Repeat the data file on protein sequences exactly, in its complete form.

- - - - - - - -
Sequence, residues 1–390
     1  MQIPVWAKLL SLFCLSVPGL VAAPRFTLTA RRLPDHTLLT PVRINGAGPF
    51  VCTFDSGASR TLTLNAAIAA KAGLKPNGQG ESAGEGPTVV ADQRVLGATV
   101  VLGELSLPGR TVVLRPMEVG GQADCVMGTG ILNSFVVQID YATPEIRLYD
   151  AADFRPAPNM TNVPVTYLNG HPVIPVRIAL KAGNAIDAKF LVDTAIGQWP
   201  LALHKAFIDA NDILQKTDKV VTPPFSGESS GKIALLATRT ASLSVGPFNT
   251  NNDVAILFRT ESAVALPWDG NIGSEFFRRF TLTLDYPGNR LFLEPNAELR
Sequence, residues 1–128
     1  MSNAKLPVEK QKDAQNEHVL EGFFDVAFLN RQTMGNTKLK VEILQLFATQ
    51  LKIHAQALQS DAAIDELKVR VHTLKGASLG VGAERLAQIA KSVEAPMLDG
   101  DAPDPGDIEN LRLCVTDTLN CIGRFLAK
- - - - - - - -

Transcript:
Sequence, residues 1–390
     1  MQIPVWAKLL SLFCLSVPGL VAAPRFTLTA RRLPDHTLLT PVRINGAGPF
    51  VCTFDSGASR TLTLNAAIAA KAGLKPNGQG ESAGEGPTVV ADQRVLGATV
   101  VLGELSLPGR TVVLRPMEVG GQADCVMGTG ILNSFVVQID YATPEIRLYD
   151  AADFRPAPNM TNVPVTYLNG HPVIPVRIAL KAGNAIDAKF LVDTAIGQWP
   201  LALHKAFIDA NDILQKTDKV VTPPFSGESS GKIALLATRT ASLSVGPFNT
   251  NNDVAILFRT ESAVALPWDG NIGSEFFRRF TLTLDYPGNR LFLEPNAELR
Sequence, residues 1–128
     1  MSNAKLPVEK QKDAQNEHVL EGFFDVAFLN RQTMGNTKLK VEILQLFATQ
    51  LKIHAQALQS DAAIDELKVR VHTLKGASLG VGAERLAQIA KSVEAPMLDG
   101  DAPDPGDIEN LRLCVTDTLN CIGRFLAK